Newark-based startup MindRight is flipping the script on mental health support for teens
Published September 14, 2018 | Kei-Sygh Thomas
- Trauma can have a significant impact on students, but many schools don’t have the staff and resources to help their students cope.
- A recent study reported that more Newark students are coping with trauma than their peers throughout the state.
- Newark-based education tech startup MindRight is addressing this by providing a technology that lets teens talk with coaches during tough moments, and on an ongoing basis.
- Newark high schools and organizations, like She Wins, have already adopted MindRight and are reporting successful outcomes. 90 percent of all MindRight users reported improved stress management.
- MindRight currently has 400 active students at schools in Newark, Camden, Philadelphia and Washington, D.C. They want to continue to expand to other locales, and to use their data to show the positive benefits of investing in mental health support for youth.
This September—and even earlier in some cases—students from all five wards commenced a new school year in Newark.
But while the new beginning can engender excitement and anxiousness for what the school year might bring, there’s another, darker reality some students must contend with as the year gets underway.
It’s trauma. And when some Newark students walk into their school buildings and classrooms each day, trauma is like the bookbag they always carry and might never have the chance to unpack.
It’s an often-silent struggle that Ashley Edwards, co-founder and CEO of tech startup MindRight, felt compelled to address based on her own experiences in the classroom.
“I saw the impact of trauma on my students,” said Edwards, a former school administrator. “Our school had very little mental health support when we know our students are coming to school days after their friends are being killed or having been impacted by mass incarceration.”
The school employed a single, part-time social worker who was tasked with supporting hundreds of students. This chasm—between the need for mental health support and the dearth of resources allotted to providing it—galvanized Edwards and her Stanford University graduate school classmate, Alina Liao, to co-found MindRight. The two women of color run the Newark-based non-profit organization, which leverages technology to create systemic healing for youth of color. Edwards has already been recognized on the Forbes 30 under 30 Social Entrepreneur list for her work on MindRight.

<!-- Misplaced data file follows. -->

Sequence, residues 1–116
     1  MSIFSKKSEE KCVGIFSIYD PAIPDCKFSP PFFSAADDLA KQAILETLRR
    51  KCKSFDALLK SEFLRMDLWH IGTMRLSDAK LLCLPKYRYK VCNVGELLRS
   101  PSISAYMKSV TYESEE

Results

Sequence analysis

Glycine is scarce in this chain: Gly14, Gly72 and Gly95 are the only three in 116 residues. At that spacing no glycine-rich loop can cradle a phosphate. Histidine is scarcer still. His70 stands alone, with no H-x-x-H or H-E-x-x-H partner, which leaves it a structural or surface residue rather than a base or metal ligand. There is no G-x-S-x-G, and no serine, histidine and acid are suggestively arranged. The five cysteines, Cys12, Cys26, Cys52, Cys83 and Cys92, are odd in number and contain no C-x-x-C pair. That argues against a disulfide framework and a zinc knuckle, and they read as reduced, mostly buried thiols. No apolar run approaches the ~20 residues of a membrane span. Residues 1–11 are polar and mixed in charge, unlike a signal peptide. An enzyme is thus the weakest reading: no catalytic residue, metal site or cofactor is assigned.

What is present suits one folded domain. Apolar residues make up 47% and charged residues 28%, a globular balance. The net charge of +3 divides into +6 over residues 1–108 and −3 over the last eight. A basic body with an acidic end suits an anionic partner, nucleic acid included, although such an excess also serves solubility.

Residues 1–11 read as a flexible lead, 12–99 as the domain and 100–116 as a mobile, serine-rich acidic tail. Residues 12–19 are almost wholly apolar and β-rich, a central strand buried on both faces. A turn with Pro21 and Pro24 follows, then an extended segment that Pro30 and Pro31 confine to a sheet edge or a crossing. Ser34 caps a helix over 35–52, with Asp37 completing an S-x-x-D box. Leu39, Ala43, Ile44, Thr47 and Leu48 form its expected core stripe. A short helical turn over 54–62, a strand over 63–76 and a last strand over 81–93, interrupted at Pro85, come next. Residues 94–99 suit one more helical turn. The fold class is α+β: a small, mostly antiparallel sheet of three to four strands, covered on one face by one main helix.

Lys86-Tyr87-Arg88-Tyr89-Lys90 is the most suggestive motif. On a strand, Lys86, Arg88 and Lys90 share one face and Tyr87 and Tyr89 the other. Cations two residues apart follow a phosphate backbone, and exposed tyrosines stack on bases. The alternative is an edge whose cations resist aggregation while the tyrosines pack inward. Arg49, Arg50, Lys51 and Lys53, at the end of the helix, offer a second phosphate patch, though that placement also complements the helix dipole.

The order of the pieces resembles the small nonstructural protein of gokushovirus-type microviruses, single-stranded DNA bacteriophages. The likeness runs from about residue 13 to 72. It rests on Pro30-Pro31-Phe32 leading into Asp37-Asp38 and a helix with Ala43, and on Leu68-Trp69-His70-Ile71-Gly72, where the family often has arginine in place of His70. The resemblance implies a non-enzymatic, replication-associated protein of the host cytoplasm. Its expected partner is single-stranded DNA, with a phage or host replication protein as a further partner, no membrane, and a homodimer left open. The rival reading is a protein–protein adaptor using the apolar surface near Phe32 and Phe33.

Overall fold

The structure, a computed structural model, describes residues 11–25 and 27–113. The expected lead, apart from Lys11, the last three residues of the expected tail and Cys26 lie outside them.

MindRight’s technology lets teens text a team of coaches who reach out to help prevent crises, and then provide ongoing coaching afterwards. MindRight calls this “on-demand socioemotional coaching,” and it helps students learn how to cope with everyday stress and trauma.
Edwards had been Director of Operations at Newark Prep charter high school (the state shut down its operation last school year due to poor performance, a few years after Edwards left in 2014). The experience in a school environment gave Edwards additional motivation—and the pilot group she needed to optimize MindRight’s approach. While at Stanford, she had researched the impact of trauma on brain development and chronic stress, particularly on communities of color, and to consider what types of resources could address the problem for teens.
“Kids are always on their phones, so text messaging seemed like the natural way to go,” said Edwards.
Poor black/Latino children are more likely exposed to trauma, less likely to access a school counselor
Adverse childhood experiences (ACEs) are defined as stressful or traumatic events strongly correlated with development and health problems throughout a person’s life. When children are exposed to chronic stressful events, their neurodevelopment can be disrupted, and their ability to cope with disruptive emotions impaired. As a result, negative coping methods such as drug, alcohol use or self-harm often start in adolescence and can be compounded into adulthood.
“The reality is one counselor for 500 kids in the average urban school district. The needs of the students aren’t being heard by anyone in the school. With MindRight, we are able to reach every student every day with a caring adult through technology,” Edwards said, referring to the MindRight coaches who interact with the students.
In March, Advocates for Children of New Jersey released Newark Kids Count, a study that reported statics about the wellbeing of children under age 18. Black children account for 51 percent of study population, and Hispanic children account for 38 percent. The data demonstrates that children in Newark are many times more likely to be impacted by a cross-section of adverse childhood experiences than the average child statewide.